Secondly Durkheim conjectured that to push social conformity, religious imagery and teachings are used by society. He termed this social control and believed that the cultural mores of societies are influenced by the religious doctrine. Certain aspects relating to marriage, reproduction, sex, and death are always closely tied to the collective conscious. Those who do not follow these mores are labeled deviant, and those who do are right and just.
In Durkheims view, the final and most important function of religion is to provide social cohesion. During the early ears of humanity it would have been imperative for our ancestors to cooperate. Durkheim concluded that the main reason religion originated, was as a “means of maintaining the cooperating social group” (Kehoe 1998:208). This social cohesion is brought out in a number of ways. Shared symbols and communal ritual unite the community. These events allow people to see “who belongs, and [to whom] they are morally obliged to help, and from whom they can expect help” (Kehoe 1998:208). Through shared myths, morality is safe guarded, and enforced. It is interesting to note that cross culturally, “stories that seem very different on the surface may have a similar underlying structure” (Stein and Stein 2005:44).
Both Durkheim and Malinowski believe that religion serves a functional role in society. For Malinowski, that role is to reduce anxiety and pave way to the basic needs of humanity. For Durkheim the need for community, cooperation, and meaning is the function. The aspects of religious life serve to provide a need for the society. Magic gives control to the unforeseen, and worship provides a venue for intellectual, and spiritual bonding of the community.
Historians and theologians have argued against the functional approach claiming that “analyzing religion in terms of functionality implies that religion is purely illusory, existing only to fulfill those function” (Stein and Stein 2005:22). Other critics will admit that religion indeed does serve as a function; however functional purpose is secondary to the evolution of religion. One last critic of the functional argues that modern religion has been a source of conflict since time immemorial. They claim that “differenced in faith have provoked more violence in the word than have difference in social class” (Gerber and Macionis 2005:473).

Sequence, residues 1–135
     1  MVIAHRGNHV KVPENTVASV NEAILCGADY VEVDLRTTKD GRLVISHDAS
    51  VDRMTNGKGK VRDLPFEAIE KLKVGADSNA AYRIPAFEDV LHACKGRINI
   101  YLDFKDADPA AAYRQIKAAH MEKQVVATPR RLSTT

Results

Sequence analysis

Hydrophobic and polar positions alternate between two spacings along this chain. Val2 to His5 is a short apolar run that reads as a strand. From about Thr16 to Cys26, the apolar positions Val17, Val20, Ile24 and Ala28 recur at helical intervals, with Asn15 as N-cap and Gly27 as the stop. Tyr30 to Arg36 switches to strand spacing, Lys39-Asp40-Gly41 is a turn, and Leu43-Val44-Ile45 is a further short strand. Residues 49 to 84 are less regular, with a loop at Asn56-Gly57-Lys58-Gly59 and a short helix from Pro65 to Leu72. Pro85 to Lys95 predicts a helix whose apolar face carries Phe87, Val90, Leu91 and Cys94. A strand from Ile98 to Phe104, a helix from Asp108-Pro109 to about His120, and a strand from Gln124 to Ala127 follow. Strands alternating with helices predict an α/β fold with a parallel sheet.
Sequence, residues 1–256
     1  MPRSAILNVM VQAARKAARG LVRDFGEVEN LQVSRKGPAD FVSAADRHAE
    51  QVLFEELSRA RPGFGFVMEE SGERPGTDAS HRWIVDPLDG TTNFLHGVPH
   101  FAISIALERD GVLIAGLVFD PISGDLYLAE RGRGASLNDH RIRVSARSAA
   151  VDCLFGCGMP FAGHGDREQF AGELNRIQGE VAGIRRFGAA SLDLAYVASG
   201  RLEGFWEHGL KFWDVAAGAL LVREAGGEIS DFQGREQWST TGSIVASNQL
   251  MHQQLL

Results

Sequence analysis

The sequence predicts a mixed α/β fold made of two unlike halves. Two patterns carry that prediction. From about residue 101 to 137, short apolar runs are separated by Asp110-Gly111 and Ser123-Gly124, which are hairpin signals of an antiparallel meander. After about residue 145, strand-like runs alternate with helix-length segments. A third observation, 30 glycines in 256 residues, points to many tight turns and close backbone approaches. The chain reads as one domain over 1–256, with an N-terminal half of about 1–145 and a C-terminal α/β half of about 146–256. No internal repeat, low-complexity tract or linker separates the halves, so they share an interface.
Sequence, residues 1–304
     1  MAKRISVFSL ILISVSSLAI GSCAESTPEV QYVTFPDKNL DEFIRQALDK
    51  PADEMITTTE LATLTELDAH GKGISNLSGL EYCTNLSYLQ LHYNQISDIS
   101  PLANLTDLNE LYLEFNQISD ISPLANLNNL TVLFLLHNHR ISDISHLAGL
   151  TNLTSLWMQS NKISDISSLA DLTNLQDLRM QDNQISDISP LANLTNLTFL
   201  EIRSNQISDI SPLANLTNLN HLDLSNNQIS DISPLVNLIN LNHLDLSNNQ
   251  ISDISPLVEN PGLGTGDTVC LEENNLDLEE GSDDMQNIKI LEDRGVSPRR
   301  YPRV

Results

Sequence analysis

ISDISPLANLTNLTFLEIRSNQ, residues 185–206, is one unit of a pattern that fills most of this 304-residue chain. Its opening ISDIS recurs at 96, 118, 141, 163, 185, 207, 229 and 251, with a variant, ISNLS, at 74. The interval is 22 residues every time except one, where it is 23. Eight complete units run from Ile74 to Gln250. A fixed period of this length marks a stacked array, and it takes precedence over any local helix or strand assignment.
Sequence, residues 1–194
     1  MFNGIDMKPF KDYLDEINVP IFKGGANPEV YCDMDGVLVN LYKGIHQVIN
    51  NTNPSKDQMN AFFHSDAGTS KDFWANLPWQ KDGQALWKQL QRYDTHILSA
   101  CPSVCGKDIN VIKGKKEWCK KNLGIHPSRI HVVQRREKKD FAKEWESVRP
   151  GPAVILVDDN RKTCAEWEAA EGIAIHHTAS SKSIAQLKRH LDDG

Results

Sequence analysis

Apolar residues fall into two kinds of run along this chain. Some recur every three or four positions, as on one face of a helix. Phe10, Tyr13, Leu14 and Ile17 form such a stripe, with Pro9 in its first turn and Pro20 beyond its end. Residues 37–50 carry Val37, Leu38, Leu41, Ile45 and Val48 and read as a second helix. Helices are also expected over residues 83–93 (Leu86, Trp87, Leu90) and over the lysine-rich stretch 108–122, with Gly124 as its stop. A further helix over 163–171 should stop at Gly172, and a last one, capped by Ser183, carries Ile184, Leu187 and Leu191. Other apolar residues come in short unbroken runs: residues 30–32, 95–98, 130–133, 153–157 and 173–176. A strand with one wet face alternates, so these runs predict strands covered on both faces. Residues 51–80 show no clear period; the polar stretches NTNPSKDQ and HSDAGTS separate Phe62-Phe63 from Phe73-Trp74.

This paper has examined the three approaches to the origins of religion. It looked at the question of what universal needs were the catalyst for the origin of religion. It supplied the different theorist’s beliefs as to why religion is seen cross culturally. In the end this paper makes no speculation at which approach is correct. In reality the answer to that question will be debated forever. Religion may be universal but the unanimity of the reason why is not. As for the question of science vs. theology, the verdict is still out. Did god make mans brain? Or did mans brain make God?
(1)- It now becomes, a symbolic system involving beliefs and practices aimed at directing the relationship of human beings to the sacred supernatural.
(2)- These are referred to as Hockett’s Linguistic Universals and can be found in most linguistic books.
(3)- This location is often referred to as the God module.
(4)- He received an honorary degree in 1875 from Oxford.
(5)- “The belief in a spirit essence that ‘animates’ or gives life to people, animals, plants, and sometimes geographic features” (Womack 1998: 49).
(6)- Named after the Greek hero, who killed his father and married his mother.
(7)- Freud later added an Electra complex to apply to the sexual attraction of a father from a daughter.
(8)-See Allen Johnson and Douglas Price-Williams.
(9)-See Malinowski’s discussion on Freud in Womack page 121.